30 minutes a day

The National Portrait Gallery in London

Stephen Deuchar, Director of the Art Fund, talks exclusively to HRreview on how and why short, regular art gallery visits can have a significant impact on worker wellbeing and productivity and on the Art Fund’s work to date to help employers address the future of  anxious Britain. Stephen has been Director of Art Fund since January 2010 and has led the organisation through a significant period of development and modernisation, Prior to joining Art Fund, Stephen was the first director of Tate Britain (from March 1998 to December 2009).


You have recently overseen a fascinating report about how visiting art galleries can massively improve workers’ wellbeing. Why do you feel a re-examination of the relationship between mental health and art, specifically with regards to worker wellbeing, is so important at this point in time?

The real scale of the anxiety issue in the UK has only recently been uncovered and openly discussed. In relation to UK workers, an increasing number of employers are re-evaluating how workload, stress and anxiety relate to workplace performance and talent retention. The research we conducted for our Calm and Collected report was broader than just the benefits of art on wellbeing. We wanted to investigate how regularly engaging with museums and galleries could contribute to an individual’s sense of wellbeing, and one focus in particular was how this related to UK workers. The primary take away was that a 30 minute daily allowance for a leisure activity would tangibly help manage the stresses of modern, working life – over half of workers say that having more ‘me time’ would help them perform better at their jobs

How highly would you rate anxiety as a problem in the British workplace?

We found that workplace stress and anxiety come from a variety of sources – 35 per cent of respondents said they felt overwhelmed by their workload and 26 per cent said they do not feel in control of their career. Responses to this stress range from skipping lunch to working well over 40 hours a week, and – one of the more striking findings from our research – just under a third of workers (31per cent) say they have left a job because of the stress it caused them. Health and Safety Executive (HSE) figures show that between 2017 and 2018, stress, depression and anxiety accounted for 15.4 million lost working days.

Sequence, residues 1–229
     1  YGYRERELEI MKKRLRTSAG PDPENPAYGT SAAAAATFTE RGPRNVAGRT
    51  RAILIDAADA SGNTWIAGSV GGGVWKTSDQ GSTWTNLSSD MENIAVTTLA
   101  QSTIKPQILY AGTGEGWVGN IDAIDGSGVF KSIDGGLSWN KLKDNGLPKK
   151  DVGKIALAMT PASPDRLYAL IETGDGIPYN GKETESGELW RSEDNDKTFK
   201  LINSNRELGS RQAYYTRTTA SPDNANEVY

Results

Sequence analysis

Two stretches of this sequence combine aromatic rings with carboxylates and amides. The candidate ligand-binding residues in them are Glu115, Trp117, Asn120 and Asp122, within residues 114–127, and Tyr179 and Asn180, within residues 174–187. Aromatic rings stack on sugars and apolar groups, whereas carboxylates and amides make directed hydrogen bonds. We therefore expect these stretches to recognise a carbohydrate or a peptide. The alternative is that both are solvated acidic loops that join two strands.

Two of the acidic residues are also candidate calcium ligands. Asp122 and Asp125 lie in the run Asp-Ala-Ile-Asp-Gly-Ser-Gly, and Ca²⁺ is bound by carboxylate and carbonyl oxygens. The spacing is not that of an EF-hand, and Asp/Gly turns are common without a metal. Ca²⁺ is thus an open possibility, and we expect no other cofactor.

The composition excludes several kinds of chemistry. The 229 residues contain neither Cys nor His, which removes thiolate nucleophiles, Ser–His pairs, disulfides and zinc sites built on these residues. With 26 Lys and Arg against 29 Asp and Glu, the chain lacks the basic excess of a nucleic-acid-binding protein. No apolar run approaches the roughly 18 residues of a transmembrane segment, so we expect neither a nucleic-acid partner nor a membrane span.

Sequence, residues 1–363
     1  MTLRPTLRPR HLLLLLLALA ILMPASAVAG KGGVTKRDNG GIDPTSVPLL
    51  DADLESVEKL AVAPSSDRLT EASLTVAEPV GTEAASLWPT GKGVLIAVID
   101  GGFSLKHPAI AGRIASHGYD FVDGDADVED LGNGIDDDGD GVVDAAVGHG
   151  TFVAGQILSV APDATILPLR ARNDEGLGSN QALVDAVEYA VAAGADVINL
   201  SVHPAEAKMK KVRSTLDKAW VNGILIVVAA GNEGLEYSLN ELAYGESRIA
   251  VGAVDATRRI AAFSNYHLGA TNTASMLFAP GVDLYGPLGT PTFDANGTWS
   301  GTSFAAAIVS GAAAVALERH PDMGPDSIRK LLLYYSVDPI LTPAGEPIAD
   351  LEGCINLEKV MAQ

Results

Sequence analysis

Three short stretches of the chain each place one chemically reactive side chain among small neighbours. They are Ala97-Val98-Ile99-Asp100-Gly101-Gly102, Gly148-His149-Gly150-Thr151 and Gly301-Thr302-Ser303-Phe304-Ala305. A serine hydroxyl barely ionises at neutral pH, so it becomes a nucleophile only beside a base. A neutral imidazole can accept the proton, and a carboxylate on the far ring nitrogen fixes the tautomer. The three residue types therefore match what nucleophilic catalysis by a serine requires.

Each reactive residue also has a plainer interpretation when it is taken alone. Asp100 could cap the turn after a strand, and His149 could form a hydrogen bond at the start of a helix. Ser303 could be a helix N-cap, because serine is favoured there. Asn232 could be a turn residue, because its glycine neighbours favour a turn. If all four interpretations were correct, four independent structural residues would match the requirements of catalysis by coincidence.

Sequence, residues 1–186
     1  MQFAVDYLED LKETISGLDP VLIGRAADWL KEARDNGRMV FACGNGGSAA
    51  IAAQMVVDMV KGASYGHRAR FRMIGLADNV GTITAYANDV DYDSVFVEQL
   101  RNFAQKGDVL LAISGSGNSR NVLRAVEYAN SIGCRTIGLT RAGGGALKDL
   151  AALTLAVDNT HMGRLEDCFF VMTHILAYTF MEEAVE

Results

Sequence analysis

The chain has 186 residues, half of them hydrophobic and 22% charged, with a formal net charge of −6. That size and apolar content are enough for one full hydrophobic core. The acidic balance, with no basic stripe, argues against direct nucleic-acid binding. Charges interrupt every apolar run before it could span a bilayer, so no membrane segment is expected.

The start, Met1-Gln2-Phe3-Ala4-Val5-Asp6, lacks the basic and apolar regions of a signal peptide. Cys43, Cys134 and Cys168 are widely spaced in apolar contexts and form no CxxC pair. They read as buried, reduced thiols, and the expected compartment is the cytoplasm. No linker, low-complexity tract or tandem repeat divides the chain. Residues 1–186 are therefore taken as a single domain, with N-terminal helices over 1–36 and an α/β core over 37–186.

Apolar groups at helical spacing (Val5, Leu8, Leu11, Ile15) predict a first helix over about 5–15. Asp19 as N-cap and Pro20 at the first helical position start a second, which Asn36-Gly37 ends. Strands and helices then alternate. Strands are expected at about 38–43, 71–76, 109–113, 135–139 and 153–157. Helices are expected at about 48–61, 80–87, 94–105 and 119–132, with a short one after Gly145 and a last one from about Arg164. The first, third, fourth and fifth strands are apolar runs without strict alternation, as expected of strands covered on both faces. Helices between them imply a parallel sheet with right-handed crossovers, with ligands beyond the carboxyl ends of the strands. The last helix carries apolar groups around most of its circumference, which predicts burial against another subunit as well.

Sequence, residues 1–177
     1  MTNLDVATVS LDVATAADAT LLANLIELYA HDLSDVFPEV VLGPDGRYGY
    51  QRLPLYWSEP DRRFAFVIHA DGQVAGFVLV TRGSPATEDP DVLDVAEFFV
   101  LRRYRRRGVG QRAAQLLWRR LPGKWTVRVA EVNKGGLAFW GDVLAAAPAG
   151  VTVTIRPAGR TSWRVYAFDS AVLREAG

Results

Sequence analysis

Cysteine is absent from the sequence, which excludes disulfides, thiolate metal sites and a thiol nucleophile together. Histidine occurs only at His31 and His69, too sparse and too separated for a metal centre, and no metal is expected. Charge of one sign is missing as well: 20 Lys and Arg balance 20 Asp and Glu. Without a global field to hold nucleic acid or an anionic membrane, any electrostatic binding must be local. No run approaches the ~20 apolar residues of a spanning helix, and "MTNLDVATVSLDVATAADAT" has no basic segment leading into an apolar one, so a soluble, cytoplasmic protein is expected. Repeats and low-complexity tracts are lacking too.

The report finds that over a quarter of workers feel guilty about taking time out for themselves. What steps can both employers and employees take to change this culture?

Each organisation should identify and implement the steps most appropriate to its own culture. Sixty-seven per cent of workers noted in our report that taking time for themselves is beneficial to their wellbeing, while others cited that leisure time helps them deal with work pressure and inspires them in their work.

Describe how 30 minutes a day can paint a brighter future for anxious Britain.

We worked with Paul Dolan, a professor of behavioral science at the London School of Economics and an expert on human behavior and happiness, and he advised a ‘wellbeing allowance’ of 30 minutes each day to be spent engaging in activities such as visiting a museum or gallery. And our research supports this – people who say they regularly visit museums and galleries report a greater sense of satisfaction with their lives than those who have never visited.

When did you decide to launch the corporate National Art Pass and how can it be used as a tangible employee benefit by businesses?

Art Fund launched the National Art Pass for Companies in 2016 following conversations with a wide range of businesses from various industries, understanding their need for a flexible cultural benefit for their employees. As opposed to offering a private view at a certain time slot or free tickets to a particular exhibition, the National Art Pass offers free entry to over 240 museum, galleries and historic homes around the UK, as well as 50 per cent off major exhibitions like the upcoming Christian Dior show at the V&A or Tate Liverpool’s Keith Haring retrospective.